Leveraging AI to Enable Autonomous Target Engagement
Russian company Kronstadt is developing technology to allow various types of armed UAVs to be integrated into a swarm, Ria Novosti quoted General Director, Sergei Bogatikov, as saying on 16 November.
The technology uses AI to increase the “intelligence [and] information awareness of the UAV, which gives them the ability to independently make the right decisions,” Bogatikov said. The end goal is to move away from human control of the UAVs, he added. The “operator will not issue tasks to specific devices, but set the task to perform an action in a given area. The group or swarm will independently assign roles and prioritise the task. This applies to both strike missions and aerial reconnaissance missions.”
The work is also extends to reconnaissance-strike complexes that would incorporate land-based and naval assets into the UAV swarm’s network. Bogatikov stated the UAVs will be developed to detect, classify, and engage targets independently, though it is unclear whether humans would be involved in this process.
Asked about the complexity of developing an unmanned system capable of independently locating and engaging a target, Bogatikov replied that the main complexity results from the need to teach the unmanned system how to identify targets correctly in a combat situation. However, he emphasised that deploying weapons autonomously, once a target had been correctly identified, would be straightforward.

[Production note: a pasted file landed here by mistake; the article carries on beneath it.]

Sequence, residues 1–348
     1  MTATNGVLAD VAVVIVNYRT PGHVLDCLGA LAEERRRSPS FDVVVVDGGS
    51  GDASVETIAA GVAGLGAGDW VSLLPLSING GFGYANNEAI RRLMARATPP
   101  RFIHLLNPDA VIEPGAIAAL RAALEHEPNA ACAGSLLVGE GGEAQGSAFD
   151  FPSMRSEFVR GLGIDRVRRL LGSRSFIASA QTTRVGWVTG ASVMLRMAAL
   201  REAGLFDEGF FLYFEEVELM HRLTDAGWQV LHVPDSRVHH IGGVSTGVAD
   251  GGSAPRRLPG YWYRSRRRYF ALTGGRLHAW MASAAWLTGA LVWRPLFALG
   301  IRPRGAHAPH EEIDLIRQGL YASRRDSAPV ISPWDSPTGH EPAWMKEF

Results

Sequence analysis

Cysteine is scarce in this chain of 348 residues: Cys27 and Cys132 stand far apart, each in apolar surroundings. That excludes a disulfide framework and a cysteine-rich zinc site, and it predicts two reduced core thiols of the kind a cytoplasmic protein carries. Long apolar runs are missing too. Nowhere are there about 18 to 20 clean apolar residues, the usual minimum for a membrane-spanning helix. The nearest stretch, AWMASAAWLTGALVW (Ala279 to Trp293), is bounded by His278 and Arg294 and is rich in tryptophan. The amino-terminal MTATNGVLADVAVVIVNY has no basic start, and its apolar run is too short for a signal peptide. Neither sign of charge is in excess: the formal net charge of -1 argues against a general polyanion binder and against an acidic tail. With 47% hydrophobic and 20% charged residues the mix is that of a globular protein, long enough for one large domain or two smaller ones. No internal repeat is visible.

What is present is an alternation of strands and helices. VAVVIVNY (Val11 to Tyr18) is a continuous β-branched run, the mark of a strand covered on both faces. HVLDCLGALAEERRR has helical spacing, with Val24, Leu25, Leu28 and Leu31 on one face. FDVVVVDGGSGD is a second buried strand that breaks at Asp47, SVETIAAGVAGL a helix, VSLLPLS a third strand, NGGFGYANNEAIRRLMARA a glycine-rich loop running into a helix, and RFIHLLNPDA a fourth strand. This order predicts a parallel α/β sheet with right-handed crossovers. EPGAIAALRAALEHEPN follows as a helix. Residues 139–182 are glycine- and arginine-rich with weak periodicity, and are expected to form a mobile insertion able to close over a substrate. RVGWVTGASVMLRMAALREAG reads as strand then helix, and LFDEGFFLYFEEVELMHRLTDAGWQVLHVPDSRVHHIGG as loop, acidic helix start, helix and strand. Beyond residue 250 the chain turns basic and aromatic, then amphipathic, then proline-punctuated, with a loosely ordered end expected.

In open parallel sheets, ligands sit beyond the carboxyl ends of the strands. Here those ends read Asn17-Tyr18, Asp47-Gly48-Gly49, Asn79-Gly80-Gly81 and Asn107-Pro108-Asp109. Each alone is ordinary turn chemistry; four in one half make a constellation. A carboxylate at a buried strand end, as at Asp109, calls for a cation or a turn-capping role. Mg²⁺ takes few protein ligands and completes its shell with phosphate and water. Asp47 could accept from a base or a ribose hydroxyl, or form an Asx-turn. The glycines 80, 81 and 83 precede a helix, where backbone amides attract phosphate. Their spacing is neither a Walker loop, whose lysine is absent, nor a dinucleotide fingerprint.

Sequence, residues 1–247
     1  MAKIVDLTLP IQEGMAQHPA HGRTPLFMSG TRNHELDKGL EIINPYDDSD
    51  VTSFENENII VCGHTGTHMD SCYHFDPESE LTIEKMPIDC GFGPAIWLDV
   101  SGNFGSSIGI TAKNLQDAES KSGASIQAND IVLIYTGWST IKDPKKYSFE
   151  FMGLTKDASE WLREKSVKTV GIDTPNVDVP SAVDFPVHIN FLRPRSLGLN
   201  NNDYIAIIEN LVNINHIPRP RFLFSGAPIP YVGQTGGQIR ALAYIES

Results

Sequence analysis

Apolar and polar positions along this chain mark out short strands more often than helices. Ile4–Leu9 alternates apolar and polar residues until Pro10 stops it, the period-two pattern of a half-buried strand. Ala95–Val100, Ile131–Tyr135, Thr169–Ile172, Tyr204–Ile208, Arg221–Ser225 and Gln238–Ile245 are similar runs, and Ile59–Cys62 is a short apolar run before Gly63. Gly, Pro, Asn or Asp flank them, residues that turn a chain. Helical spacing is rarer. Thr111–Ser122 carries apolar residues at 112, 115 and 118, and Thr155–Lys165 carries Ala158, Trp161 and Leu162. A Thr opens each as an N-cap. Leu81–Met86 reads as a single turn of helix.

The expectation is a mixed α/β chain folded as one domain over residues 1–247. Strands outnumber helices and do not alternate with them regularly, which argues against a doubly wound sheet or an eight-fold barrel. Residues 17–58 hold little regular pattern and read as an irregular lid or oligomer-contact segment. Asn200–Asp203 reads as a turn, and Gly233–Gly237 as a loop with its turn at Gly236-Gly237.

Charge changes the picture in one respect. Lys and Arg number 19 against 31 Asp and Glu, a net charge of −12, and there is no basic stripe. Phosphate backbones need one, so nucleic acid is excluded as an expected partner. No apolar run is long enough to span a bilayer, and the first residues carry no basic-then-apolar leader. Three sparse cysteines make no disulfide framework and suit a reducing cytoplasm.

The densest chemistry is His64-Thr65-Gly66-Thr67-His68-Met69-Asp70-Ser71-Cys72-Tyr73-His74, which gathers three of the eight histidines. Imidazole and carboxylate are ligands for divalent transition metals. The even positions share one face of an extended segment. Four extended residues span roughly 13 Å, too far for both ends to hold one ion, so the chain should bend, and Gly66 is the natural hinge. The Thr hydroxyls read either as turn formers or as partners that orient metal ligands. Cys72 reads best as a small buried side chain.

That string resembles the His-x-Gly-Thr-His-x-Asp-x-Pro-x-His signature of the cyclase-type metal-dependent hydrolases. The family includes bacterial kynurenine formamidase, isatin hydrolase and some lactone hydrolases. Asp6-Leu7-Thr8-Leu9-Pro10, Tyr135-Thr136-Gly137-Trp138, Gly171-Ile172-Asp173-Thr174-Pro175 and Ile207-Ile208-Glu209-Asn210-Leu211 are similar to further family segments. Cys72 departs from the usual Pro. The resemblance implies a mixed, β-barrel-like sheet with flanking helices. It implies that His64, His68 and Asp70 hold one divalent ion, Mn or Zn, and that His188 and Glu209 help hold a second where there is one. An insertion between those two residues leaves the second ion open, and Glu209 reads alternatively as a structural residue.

The Russian military is divided on the role of AI in future warfare, which is also true of most other militaries. There is an awareness that AI is almost certain to play a role in future conflict. Nascent efforts are focused on improving the automation already deployed in Russia’s information management and C2 systems. However, according to a 2021 report from the Center for Naval Analyses, there is a discussion within Russian military over the ultimate destination of AI within a military context. The think tank states the consensus is for the need to have a human in the loop.
In this context, while the developments detailed by Bogatikov may seem alarming, it is likely the company is actually exploring the utility of AI and unmanned platforms in an effort to see what they can be reliably used to achieve.
Sam Cranny-Evans is a research associate for the Royal United Services Institute, reporting for MON from London